Inactivation of epidermal growth factor by Porphyromonas gingivalis as a potential mechanism for periodontal tissue damage

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Inactivation of epidermal growth factor by Porphyromonas gingivalis as a potential mechanism for periodontal tissue damage. / Pyrc, Krzysztof; Milewska, Aleksandra; Kantyka, Tomasz; Sroka, Aneta; Maresz, Katarzyna; Koziel, Joanna; Nguyen, Ky-Anh; Enghild, Jan Johannes; Knudsen, Anders Dahl; Potempa, Jan.

I: Infection and Immunity, Bind 81, Nr. 1, 01.2013, s. 55-64.

Publikation: Bidrag til tidsskrift/Konferencebidrag i tidsskrift /Bidrag til avisTidsskriftartikelForskningpeer review

Harvard

Pyrc, K, Milewska, A, Kantyka, T, Sroka, A, Maresz, K, Koziel, J, Nguyen, K-A, Enghild, JJ, Knudsen, AD & Potempa, J 2013, 'Inactivation of epidermal growth factor by Porphyromonas gingivalis as a potential mechanism for periodontal tissue damage', Infection and Immunity, bind 81, nr. 1, s. 55-64. https://doi.org/10.1128/IAI.00830-12

APA

Pyrc, K., Milewska, A., Kantyka, T., Sroka, A., Maresz, K., Koziel, J., ... Potempa, J. (2013). Inactivation of epidermal growth factor by Porphyromonas gingivalis as a potential mechanism for periodontal tissue damage. Infection and Immunity, 81(1), 55-64. https://doi.org/10.1128/IAI.00830-12

CBE

Pyrc K, Milewska A, Kantyka T, Sroka A, Maresz K, Koziel J, Nguyen K-A, Enghild JJ, Knudsen AD, Potempa J. 2013. Inactivation of epidermal growth factor by Porphyromonas gingivalis as a potential mechanism for periodontal tissue damage. Infection and Immunity. 81(1):55-64. https://doi.org/10.1128/IAI.00830-12

MLA

Vancouver

Pyrc K, Milewska A, Kantyka T, Sroka A, Maresz K, Koziel J o.a. Inactivation of epidermal growth factor by Porphyromonas gingivalis as a potential mechanism for periodontal tissue damage. Infection and Immunity. 2013 jan;81(1):55-64. https://doi.org/10.1128/IAI.00830-12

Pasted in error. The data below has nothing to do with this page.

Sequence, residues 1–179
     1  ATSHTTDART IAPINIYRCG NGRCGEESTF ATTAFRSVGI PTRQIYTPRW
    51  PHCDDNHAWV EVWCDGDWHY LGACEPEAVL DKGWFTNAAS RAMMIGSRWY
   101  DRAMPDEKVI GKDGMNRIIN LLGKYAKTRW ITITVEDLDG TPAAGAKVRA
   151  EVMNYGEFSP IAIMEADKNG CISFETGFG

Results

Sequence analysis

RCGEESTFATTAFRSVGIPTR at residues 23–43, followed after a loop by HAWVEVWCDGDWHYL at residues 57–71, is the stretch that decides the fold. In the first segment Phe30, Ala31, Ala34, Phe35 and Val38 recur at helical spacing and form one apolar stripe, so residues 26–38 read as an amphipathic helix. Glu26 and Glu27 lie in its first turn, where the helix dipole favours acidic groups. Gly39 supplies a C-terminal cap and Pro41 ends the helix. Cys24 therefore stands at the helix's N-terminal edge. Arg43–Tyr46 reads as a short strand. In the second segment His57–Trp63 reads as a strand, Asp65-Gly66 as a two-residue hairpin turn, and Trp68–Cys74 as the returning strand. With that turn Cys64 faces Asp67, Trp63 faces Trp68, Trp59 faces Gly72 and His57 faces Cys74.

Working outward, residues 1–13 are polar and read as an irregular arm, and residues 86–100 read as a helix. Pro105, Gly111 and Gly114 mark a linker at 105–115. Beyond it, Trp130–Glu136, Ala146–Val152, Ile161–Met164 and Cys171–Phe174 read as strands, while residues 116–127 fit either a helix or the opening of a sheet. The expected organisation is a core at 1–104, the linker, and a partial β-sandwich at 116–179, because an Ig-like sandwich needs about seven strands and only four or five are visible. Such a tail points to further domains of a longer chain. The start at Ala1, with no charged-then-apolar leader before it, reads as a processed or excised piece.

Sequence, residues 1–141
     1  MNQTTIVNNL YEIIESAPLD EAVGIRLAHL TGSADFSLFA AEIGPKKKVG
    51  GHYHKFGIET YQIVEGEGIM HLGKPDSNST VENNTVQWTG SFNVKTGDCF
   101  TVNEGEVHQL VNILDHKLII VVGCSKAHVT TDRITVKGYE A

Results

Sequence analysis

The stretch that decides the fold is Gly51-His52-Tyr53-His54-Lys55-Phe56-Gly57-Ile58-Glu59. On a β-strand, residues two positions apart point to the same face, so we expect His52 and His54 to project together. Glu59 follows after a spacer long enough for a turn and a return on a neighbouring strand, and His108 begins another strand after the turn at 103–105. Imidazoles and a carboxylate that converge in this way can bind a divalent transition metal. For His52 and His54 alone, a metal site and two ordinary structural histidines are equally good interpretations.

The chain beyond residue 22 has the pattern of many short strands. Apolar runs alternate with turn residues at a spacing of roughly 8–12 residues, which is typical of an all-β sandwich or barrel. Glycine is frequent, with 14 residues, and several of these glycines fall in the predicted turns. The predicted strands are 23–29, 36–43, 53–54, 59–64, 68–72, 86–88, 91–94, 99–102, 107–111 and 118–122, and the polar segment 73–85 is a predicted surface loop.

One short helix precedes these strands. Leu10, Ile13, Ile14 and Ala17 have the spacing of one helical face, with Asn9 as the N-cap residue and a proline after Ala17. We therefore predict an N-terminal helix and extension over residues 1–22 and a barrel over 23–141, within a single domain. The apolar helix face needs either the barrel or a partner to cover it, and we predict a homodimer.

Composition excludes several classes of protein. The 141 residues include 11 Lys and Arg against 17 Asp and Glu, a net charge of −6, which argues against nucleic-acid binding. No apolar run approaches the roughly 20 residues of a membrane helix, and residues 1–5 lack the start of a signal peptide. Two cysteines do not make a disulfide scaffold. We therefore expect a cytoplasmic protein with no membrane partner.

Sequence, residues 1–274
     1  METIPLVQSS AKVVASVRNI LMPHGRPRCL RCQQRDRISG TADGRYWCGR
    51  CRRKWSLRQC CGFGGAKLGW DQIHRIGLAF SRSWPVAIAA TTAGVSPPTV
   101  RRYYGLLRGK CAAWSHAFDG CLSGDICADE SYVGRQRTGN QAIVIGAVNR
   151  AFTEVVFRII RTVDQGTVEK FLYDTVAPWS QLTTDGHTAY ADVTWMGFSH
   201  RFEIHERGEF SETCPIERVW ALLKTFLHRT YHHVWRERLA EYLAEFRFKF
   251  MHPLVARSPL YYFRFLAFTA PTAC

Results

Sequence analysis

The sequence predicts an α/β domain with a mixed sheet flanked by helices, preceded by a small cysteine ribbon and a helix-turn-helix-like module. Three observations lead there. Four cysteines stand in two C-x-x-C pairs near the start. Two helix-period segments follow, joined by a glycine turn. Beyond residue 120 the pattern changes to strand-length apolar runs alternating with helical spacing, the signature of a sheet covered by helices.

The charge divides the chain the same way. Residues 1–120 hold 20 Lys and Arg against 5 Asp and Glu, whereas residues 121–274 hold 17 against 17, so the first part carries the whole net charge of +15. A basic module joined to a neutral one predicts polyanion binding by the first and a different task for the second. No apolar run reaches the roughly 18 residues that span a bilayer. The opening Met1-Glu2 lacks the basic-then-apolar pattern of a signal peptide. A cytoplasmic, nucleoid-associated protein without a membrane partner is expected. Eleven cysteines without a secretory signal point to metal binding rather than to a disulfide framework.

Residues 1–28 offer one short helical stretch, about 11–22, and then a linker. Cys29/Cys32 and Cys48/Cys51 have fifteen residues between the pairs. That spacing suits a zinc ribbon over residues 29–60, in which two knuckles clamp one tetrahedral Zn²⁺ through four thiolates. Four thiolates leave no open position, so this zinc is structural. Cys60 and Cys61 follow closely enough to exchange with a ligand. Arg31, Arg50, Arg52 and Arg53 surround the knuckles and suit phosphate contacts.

Author

Pyrc, Krzysztof ; Milewska, Aleksandra ; Kantyka, Tomasz ; Sroka, Aneta ; Maresz, Katarzyna ; Koziel, Joanna ; Nguyen, Ky-Anh ; Enghild, Jan Johannes ; Knudsen, Anders Dahl ; Potempa, Jan. / Inactivation of epidermal growth factor by Porphyromonas gingivalis as a potential mechanism for periodontal tissue damage. I: Infection and Immunity. 2013 ; Bind 81, Nr. 1. s. 55-64.

Bibtex

@article{63a111d9a0204648b72d03a0b071e3da,
title = "Inactivation of epidermal growth factor by Porphyromonas gingivalis as a potential mechanism for periodontal tissue damage",
abstract = "Porphyromonas gingivalis is a Gram-negative bacterium associated with the development of periodontitis. The evolutionary success of this pathogen results directly from the presence of numerous virulence factors, including a peptidylarginine deiminase (PPAD), an enzyme, which converts arginine to citrulline in proteins and peptides. Such posttranslational modification is thought to affect the function of many different signaling molecules. Taking into account the importance of tissue remodeling and repair mechanisms for periodontal homeostasis, which are orchestrated by ligands of the epidermal growth factor receptor (EGFR), we investigated the ability of PPAD to distort cross-talk between the epithelium and the EGF signaling pathway. We found that EGF preincubation with purified recombinant PPAD, or a wild-type strain of P. gingivalis, but not with a PPAD-deficient isogenic-mutant, efficiently hindered the ability of the growth factor to stimulate epidermal cell proliferation and migration. In addition, PPAD abrogated EGFR-EGF interaction-dependent stimulation of expression of Suppressor of Cytokine Signaling 3 (SOCS3) and Interferon Regulatory Factor 1 (IRF-1). Biochemical analysis clearly showed that the PPAD-exerted effects on EGF activities were solely due to deimination of the C-terminal arginine. Interestingly, citrullination of two internal Arg residues with human endogenous peptidylarginine deiminases did not alter EFG function, arguing that the C-terminal arginine is essential for EGF biological activity. Cumulatively, these data suggest that PPAD-activity-abrogating EGF function in gingival pockets may at least partially contribute to tissue damage and delayed healing within P. gingivalis-infected periodontia.",
author = "Krzysztof Pyrc and Aleksandra Milewska and Tomasz Kantyka and Aneta Sroka and Katarzyna Maresz and Joanna Koziel and Ky-Anh Nguyen and Enghild, {Jan Johannes} and Knudsen, {Anders Dahl} and Jan Potempa",